New English Ballet Theatre is returning to The Peacock Theatre in London’s West End this week with a brand new double bill, The Four Seasons / Remembrance.
As a modern ballet company, New English Ballet Theatre makes a heroic effort to drive the art of classical ballet forward through continual reinvention. It proudly promotes the talents of the next generation of exceptional artists – not only showcasing fledgling dancers but also emerging choreographers, musicians, designers and visual artists – by giving them paid employment in a profession they love.
As a result, the critically acclaimed neoclassical troupe – which was founded by its visionary artistic director, Karen Pilkington-Miksa, in 2011 – is developing a reputation for being one of Britain’s most exciting young ballet companies.
This autumn’s double bill promises to be a visual and musical spectacle of passion, hope and remembrance.
War Horse is an extraordinary, emotionally exhausting piece of theatre that embodies both the essence of the equine and the futility of war.
The narrative boldly recounts the universal suffering that the First World War inflicted on men, women, children and the unsung heroes of the war effort – the horses. Ten million people died in the First World War, along with unknown millions of horses. In the carnage of the French battlefields, the 1914 – 1918 conflict proved to be a horrific experience on both sides of the frontline. Quite simply, there were no winners.
Former Children’s Laureate Michael Morpurgo was inspired to write War Horse after seeing an old painting of a cavalry charge and realising that by describing the experience of the war through the eyes of a horse he could convey the plight of both British and German soldiers.
Noble steed Joey – who is half thoroughbred, half working farm horse – sees the best and worst of humanity throughout the deadly chaos of the First World War. His eventful life begins as a foal on a farm in Devon, where he is lovingly tamed and trained by his young master Albert Narracott.
Devastatingly, the pair are forcibly separated when war is declared as Joey is sold to the Army and shipped off to France. Here, he serves as a British officer’s charger and, after being captured, on the German side. Unable to bear being parted from his cherished companion, Albert lies about his age and enlists with the intention of bringing Joey home. After inspiring everyone he meets, Joey is found wandering and wounded in no man’s land where the story reaches its emotional climax.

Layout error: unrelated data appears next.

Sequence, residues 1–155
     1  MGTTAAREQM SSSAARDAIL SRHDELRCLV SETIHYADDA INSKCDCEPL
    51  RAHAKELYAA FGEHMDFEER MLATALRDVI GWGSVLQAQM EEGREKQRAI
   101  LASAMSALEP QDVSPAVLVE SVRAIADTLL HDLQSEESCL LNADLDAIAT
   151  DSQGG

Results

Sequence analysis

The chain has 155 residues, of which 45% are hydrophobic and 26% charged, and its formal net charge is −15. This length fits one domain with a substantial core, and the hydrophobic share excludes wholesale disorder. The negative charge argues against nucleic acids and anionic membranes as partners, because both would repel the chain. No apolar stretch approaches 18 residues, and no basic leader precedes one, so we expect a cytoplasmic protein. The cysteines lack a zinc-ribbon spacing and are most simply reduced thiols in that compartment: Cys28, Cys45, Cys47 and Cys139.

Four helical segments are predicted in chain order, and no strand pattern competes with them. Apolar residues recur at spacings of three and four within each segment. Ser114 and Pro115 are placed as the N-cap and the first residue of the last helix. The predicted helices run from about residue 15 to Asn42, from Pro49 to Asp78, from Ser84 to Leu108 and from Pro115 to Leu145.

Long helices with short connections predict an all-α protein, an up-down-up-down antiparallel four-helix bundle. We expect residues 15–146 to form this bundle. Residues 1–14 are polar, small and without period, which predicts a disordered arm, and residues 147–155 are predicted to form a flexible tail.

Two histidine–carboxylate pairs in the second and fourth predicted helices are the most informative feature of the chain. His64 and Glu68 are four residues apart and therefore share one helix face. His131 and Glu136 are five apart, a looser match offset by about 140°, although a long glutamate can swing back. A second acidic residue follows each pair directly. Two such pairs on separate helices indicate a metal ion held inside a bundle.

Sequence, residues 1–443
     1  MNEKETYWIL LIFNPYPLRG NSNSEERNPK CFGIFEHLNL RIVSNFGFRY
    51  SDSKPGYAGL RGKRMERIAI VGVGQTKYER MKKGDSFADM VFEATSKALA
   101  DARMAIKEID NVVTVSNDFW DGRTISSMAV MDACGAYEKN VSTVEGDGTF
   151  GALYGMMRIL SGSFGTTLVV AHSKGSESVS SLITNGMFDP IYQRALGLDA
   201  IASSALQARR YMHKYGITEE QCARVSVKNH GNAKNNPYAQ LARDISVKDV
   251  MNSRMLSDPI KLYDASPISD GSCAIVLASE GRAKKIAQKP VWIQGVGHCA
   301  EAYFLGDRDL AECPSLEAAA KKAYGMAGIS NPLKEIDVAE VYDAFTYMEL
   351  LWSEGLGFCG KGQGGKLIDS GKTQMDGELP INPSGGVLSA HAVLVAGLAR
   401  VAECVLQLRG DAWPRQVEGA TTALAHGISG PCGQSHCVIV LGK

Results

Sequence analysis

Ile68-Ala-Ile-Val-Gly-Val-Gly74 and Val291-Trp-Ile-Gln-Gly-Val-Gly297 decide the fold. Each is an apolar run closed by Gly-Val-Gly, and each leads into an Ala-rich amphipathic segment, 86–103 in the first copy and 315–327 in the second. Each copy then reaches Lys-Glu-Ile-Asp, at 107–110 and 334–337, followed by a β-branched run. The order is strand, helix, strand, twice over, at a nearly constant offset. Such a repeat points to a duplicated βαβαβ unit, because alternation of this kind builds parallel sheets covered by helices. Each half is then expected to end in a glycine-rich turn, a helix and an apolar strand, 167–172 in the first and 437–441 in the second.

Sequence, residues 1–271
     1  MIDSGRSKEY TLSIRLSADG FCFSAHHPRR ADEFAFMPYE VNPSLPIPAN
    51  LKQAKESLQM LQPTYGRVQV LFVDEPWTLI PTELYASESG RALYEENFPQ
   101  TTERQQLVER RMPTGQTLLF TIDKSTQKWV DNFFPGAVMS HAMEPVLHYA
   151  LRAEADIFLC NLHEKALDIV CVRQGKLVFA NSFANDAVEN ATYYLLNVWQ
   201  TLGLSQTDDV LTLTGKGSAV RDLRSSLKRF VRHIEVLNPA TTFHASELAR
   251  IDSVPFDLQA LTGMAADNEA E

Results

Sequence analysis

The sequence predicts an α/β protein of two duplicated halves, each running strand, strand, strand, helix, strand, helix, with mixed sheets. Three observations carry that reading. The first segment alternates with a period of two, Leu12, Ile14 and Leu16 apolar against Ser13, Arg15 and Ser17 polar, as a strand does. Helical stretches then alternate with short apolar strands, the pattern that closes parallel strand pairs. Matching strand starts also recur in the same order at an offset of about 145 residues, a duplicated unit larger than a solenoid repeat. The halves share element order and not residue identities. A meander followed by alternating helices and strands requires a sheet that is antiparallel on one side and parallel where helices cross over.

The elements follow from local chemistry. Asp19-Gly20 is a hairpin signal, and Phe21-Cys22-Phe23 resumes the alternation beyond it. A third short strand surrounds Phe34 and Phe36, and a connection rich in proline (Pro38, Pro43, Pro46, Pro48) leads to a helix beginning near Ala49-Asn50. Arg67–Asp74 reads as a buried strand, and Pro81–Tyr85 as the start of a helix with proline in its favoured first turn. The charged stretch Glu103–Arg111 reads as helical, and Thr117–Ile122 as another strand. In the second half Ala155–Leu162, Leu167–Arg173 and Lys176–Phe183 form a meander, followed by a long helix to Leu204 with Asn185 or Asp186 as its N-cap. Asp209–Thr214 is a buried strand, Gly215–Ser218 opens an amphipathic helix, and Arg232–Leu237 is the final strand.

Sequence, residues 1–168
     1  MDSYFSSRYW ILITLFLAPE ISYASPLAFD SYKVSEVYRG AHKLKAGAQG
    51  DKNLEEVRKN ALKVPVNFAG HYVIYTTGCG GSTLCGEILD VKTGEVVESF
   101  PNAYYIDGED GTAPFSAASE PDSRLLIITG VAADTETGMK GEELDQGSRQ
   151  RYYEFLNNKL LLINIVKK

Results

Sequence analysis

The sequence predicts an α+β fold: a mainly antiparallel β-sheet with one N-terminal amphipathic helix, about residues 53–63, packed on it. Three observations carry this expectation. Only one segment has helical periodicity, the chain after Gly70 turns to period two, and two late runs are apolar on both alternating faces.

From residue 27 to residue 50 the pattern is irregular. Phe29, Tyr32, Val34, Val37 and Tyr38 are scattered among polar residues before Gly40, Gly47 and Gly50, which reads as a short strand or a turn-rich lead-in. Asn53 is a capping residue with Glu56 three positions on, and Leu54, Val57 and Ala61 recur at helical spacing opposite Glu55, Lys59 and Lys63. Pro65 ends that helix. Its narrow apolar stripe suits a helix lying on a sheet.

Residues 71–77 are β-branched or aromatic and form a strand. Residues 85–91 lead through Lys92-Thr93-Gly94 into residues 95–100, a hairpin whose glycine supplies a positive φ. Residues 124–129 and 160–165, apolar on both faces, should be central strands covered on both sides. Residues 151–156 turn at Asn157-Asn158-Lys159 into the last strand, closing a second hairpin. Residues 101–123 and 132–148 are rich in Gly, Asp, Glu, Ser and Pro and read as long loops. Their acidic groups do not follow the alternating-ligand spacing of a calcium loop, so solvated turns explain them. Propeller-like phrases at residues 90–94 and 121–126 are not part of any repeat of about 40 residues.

For a romantic musical that will sweep you off your feet without forcing you to wallow in too much mushy sentiment theatregoers need look no further than An Officer and a Gentleman.
The classic 1982 film has been rebooted as a pacey jukebox musical that is simultaneously corny and gritty. Lifting audience members up with exuberant performances of more than twenty chart hits from the Eighties, the simple story follows the exploits of bad boy US naval officer trainee Zack Mayo and his “will they, won’t they” relationship with local factory girl Paula Pokrifki.
While the narrative is a little slow to really take off, this lightweight chick flick exploration of how ordinary people endeavour to escape deep-rooted inner demons and daily drudgery undoubtedly benefits from being paired with punchy period pop music. A score consisting of such a wide selection of half-decent tunes is surely guaranteed to have spectators of all ages tapping their feet in recognition and readily engaging with the characters’ experiences. It certainly worked for me and I am not familiar with the Oscar-winning movie at all!
Chick flick romcom Legally Blonde makes for a feel-good musical that is as sparkling as pink champagne.
The 2001 American film, based on the novel by Amanda Brown and starring Reese Witherspoon, sees protagonist Elle Woods prove that one can never be overdressed or overeducated.
Pretty, popular and passionate about pink, fashion marketing student Elle is devastated when her boyfriend Warner Huntington III breaks up with her, declaring that he needs a more serious sweetheart befitting of the future he has planned. Elle is determined to win him back, so she shuns sorority parties, starts swotting and successfully bags herself a place to study alongside Warner at the prestigious Harvard Law School. Accompanied by her cute chihuahua, Bruiser, Elle remains unabashedly herself in her new surroundings. Pink princess and legal eagle, she essentially ends up falling in love with her own untapped potential.
Today is International Dance Day, a day to celebrate the power and pleasure of dancing.
Happy International Dance Day!
For as long as I can remember, dancing has been my escape, my entertainment and my education. I was fortunate to be taken to ballet classes as a toddler and was always the child that didn’t want to go home after the final curtsy. Ballet, tap, modern, jazz, contemporary… I lived for the next dancing opportunity while I was growing up and probably felt most alive when I was in class or on stage.
I still feel more at home in a dance studio than anywhere else. Whether I am taking class, practising by myself, or teaching, everything else is forgotten once I am at the barre or flying around the space. In fact, teaching helps me delight in dancing even more as it is all about sharing ideas, experiences and enjoyment with others in the hope that they will love to dance too!
“… we must always remember to dance a little every day.”
– Ohad Naharin, Artistic Director of Batsheva Dance Company.